Starfish are undoubtedly one of the most elegant animals in the marine world. In addition to the bright colors they wear, their aesthetics depend largely on the perfect symmetry of their bodies, made up of five or more “arms.” At least that is the description we give in common language. Because these branches will not actually be “arms” or “legs.” This is the conclusion of a study conducted by Laurent Fourmery, a French researcher at Stanford University in California, with his colleagues. So what part of the body do starfish branches belong to? Scientists share their discovery by revealing the first complete map of starfish territories Patria MiniataInhabited by the Pacific Ocean.
The anatomy of a starfish and ours is very different. Like most animals, the human body visually exhibits bilateral symmetry, that is, it consists of two identical halves (right and left) with a head, torso, and limbs. On the contrary, these echinoderms have five-fold symmetry: their five branches radiate from a central point where the mouth is located, forming identical copies. It looks a bit like a five-petaled flower. But this special symmetry, called radial symmetry, does not appear at birth. At the beginning of its development, the starfish was a bilaterian larva that moved freely in the ocean. It acquires its radial symmetry only from the moment of its transformation and fall to the bottom of the sea. During the transition to adulthood, a radical change occurs at the body level with a constant question: where are the head, trunk and limbs?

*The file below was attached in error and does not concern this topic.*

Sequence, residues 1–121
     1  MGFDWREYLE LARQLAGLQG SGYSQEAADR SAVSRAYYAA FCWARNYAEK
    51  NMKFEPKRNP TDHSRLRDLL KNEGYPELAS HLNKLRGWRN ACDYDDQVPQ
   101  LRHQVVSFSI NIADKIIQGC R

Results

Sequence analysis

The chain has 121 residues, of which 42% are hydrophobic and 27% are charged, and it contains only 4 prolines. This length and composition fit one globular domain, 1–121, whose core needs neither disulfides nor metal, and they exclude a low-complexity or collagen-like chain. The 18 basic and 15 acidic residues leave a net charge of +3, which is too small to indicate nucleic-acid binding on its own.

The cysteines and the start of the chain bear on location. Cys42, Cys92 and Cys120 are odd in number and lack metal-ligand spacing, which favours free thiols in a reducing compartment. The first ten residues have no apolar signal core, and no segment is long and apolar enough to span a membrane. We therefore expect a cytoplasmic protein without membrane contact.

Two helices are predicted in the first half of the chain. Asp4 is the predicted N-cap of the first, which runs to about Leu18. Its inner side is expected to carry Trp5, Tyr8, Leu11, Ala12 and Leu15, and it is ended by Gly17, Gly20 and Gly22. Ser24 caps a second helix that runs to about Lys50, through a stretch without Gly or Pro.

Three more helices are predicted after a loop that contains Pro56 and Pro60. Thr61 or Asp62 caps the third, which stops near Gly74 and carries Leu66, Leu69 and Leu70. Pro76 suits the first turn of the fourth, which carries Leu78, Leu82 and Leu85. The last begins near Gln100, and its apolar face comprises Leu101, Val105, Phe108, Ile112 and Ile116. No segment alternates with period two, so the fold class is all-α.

To answer this question, the researchers looked at starfish genes, specifically “developmental genes.” ” [Ils] It is expressed in many animals, including insects. Laurent Formeri explains that its peculiarity is that it contains the genetic instructions necessary to form every part of the body. In other words, developmental genes determine which region of the body (trunk, head, limbs) each animal cell belongs to. By mapping its expression in sea stars, biologists hope to better understand the anatomical organization of these animals.
To do this, they first cut the specimen's branches into several “slices.” They then identified the developmental genes expressed in each of the obtained sections using a genomic sequencing technique, RNA tomography. This allowed them to build 3D computer models of developmental gene expression spread along the bodies of sea stars.
When I read the results, I was very surprised. Contrary to all expectations, genes necessary for stem growth, genes Hawks, is not expressed in any region of the ectoderm (the tissue that makes up the skin and nervous system) in animals. Which suggests that starfish completely lack trunks (and by extension limbs). On the other hand, genes involved in head formation were expressed not only in the central part of individuals, but even in all five branches.
Like the more terrifying mythological creatures, such as the three-headed Cerberus or the nine-headed Lernaean Hydra, that Hercules encountered during his Twelve Labors, is the starfish many-headed? “Not really,” confirms Laurent Formieri. We believe that these multiple heads are actually products of the central head. » A discovery that actually forces us to rethink the evolutionary history of these marine animals. One hypothesis is that sea stars evolved from a diploid ancestor by losing their trunks. “It is thought that at the time of their metamorphosis, instead of developing a trunk as their distant cousins with bilateral symmetry do, these animals reorganize their frontal tissues corresponding to the head. This gives a trunkless animal with multiple brain extensions capable of crawling on the ocean floor,” the researcher explains.
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